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The Impact of Fuel Prices on Transit Ridership

The Impact of Fuel Prices on Transit Ridership

Many people in Hampton Roads are reliant on the car for their livelihood. Whether it is to go to work, to shop, or to run to the beach in the summer, the majority of people in Hampton Roads rely on the auto to get them there. In fact, in 2010, 80.9% of Hampton Roads residents relied on the auto to get to work. This represents a 2.5% increase since 2000 (Source: US Census Bureau).
 
There are various modes of public transportation available as alternatives to the car in the Hampton Roads region. Public transportation in Hampton Roads includes:

Public Transportation Models

From this array of transit services available in Hampton Roads, there are approximately 1.6 million passenger trips monthly across the regional public transportation system in 2010 (Source: National Transit Database).

As part of a larger national study, Bradley Lane of the University of Texas at El Paso conducted research exploring the relationship between fuel prices and transit ridership. Lane notes in his research, ‘[For] every 10 percent increase in fuel costs led to an increase in bus ridership of up to 4 percent, and a spike in rail travel of up to 8 percent. These results suggest a "significant untapped potential" for transit ridership.’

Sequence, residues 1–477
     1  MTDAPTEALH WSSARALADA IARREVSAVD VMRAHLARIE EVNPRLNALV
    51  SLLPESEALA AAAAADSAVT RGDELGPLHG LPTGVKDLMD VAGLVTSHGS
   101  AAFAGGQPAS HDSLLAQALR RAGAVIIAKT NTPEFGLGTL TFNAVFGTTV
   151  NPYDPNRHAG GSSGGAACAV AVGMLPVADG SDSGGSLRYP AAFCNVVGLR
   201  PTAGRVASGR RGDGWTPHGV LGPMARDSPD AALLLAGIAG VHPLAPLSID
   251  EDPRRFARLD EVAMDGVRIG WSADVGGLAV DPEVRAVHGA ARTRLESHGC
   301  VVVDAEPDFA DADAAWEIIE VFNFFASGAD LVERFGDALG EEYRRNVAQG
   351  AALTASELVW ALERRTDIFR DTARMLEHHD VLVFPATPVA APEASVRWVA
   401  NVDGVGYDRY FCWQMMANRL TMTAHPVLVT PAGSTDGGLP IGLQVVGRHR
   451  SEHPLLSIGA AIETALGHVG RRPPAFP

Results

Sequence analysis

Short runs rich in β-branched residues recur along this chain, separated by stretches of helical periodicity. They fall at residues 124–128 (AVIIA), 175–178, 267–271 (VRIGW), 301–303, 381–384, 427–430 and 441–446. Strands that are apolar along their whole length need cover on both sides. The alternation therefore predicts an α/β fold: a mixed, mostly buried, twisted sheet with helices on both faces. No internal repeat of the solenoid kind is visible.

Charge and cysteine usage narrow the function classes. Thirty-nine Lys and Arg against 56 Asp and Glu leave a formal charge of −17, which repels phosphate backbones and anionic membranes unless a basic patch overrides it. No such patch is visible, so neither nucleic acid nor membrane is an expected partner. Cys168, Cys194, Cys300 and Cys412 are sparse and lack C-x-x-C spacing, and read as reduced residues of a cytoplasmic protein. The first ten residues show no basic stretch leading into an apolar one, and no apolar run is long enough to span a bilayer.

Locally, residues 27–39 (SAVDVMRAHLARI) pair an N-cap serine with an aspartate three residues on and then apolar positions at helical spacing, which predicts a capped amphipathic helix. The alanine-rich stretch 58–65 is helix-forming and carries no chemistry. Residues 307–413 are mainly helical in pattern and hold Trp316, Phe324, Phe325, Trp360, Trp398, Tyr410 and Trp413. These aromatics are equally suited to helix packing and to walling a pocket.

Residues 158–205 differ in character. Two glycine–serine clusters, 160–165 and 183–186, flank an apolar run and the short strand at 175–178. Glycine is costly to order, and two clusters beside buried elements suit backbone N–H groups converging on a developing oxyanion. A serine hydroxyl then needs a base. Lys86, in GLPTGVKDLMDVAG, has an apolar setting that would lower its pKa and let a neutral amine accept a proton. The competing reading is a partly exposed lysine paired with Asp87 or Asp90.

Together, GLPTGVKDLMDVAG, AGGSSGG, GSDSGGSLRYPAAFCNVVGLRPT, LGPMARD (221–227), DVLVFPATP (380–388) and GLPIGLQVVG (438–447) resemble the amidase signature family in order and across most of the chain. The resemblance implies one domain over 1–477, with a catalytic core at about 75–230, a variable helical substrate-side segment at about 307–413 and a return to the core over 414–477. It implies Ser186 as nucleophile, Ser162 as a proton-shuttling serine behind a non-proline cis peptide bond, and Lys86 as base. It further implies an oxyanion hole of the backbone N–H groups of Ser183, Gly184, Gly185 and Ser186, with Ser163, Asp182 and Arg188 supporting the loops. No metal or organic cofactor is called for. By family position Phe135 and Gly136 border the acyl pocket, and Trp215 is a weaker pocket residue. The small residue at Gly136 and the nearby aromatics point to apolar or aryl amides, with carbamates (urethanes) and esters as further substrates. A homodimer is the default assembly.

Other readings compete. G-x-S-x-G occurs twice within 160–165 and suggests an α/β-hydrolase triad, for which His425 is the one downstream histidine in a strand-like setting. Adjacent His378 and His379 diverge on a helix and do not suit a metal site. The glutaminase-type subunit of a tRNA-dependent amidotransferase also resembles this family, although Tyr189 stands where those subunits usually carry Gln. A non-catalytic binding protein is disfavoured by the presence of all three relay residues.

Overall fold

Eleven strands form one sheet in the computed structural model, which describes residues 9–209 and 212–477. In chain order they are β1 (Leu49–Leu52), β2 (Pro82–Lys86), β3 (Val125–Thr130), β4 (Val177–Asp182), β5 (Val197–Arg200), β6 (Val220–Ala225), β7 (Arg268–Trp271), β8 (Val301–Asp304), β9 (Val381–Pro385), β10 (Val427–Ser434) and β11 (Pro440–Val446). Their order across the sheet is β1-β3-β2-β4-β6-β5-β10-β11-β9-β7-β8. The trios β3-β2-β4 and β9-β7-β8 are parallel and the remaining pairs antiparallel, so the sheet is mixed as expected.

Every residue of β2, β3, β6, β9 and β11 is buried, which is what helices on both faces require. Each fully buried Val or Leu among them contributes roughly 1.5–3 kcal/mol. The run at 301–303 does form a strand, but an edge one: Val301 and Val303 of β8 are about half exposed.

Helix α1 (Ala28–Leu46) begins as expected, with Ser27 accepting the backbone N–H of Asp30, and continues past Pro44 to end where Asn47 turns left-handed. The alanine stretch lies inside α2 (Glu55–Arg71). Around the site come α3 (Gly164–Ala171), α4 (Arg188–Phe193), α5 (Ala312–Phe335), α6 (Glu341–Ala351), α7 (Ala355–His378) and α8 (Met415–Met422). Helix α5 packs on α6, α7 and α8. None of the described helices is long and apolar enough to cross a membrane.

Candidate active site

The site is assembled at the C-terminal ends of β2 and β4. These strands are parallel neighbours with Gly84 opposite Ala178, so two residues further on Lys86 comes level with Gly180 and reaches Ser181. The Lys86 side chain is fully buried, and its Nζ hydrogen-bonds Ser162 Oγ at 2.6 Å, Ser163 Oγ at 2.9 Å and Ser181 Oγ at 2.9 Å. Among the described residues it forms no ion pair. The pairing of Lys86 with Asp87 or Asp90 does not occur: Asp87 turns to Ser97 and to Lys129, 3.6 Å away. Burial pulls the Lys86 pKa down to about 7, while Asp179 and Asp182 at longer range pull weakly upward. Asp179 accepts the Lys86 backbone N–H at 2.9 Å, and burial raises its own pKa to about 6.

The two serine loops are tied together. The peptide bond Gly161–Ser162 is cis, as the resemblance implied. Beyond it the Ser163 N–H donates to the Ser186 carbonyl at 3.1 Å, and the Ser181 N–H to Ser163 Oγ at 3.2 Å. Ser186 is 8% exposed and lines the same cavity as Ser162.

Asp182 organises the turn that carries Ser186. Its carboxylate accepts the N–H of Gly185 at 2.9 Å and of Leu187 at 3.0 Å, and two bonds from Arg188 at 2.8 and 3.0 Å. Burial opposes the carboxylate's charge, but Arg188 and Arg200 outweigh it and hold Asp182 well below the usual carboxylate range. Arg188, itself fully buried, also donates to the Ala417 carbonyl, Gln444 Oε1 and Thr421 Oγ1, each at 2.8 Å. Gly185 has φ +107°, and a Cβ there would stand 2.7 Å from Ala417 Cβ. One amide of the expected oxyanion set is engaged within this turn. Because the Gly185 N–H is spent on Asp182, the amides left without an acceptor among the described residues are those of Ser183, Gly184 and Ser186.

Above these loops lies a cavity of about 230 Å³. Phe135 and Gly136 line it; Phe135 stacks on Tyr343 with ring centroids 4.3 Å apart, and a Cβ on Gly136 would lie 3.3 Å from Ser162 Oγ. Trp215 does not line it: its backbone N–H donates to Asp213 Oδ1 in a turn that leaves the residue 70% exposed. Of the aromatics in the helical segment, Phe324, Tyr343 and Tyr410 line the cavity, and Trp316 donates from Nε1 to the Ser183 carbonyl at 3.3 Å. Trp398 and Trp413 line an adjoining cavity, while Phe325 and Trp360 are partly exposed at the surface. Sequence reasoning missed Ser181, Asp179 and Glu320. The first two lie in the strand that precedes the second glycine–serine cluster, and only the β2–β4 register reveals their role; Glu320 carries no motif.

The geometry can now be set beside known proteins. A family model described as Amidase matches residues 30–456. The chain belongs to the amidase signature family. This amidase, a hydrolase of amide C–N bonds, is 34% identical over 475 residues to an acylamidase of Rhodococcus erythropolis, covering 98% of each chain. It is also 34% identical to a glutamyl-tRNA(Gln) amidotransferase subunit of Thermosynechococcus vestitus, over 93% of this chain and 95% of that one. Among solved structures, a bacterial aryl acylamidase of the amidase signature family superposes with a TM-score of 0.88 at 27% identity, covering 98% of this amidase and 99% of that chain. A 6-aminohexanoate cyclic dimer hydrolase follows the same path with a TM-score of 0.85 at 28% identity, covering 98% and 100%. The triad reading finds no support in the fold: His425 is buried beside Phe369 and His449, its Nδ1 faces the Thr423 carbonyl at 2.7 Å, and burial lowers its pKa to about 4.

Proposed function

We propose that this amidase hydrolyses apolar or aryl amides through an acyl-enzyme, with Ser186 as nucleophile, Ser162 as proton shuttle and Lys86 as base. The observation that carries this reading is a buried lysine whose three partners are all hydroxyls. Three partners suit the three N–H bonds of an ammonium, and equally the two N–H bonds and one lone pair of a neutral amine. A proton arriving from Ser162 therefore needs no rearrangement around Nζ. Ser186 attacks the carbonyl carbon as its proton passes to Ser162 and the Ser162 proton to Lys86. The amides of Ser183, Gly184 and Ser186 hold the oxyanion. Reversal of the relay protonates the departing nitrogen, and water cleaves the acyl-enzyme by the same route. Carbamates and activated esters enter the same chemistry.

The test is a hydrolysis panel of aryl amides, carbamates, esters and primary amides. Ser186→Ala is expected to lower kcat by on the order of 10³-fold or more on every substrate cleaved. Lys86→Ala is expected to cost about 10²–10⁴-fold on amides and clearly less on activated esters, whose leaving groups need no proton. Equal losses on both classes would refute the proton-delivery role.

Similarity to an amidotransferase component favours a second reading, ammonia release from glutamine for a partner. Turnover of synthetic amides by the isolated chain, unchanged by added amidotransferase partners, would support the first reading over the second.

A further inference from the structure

Evaluating fuel prices and transit ridership trends in Hampton Roads from January 2005 through October 2011, similar results to the Lane study can be found. As fuel prices rose 129% between January 2005 and July 2008, transit ridership increased 50%. Similarly, as fuel prices dropped 60% between July and December 2008, transit ridership decreased 20% in the same period.

Fuel Prices and Transit Ridership in Hampton Roads January 2005 to October 2011

Source: Federal Transit Administration National Transit Database
Source: AAA Fuel Gauge Report

As per Eric Jaffe's reporting in The Atlantic, Lane's analysis revealed two key relationships between gas prices and transit ridership. The first is what he calls an elasticity, which is essentially a behavioral response to an event. In this case the event is a change in gas prices, and the response is a shift in transit ridership. The second is what he calls a "lagged effect." That means that some elasticities — such as switching your commute from car to train — don't appear until several months after the initial change in fuel cost.

 

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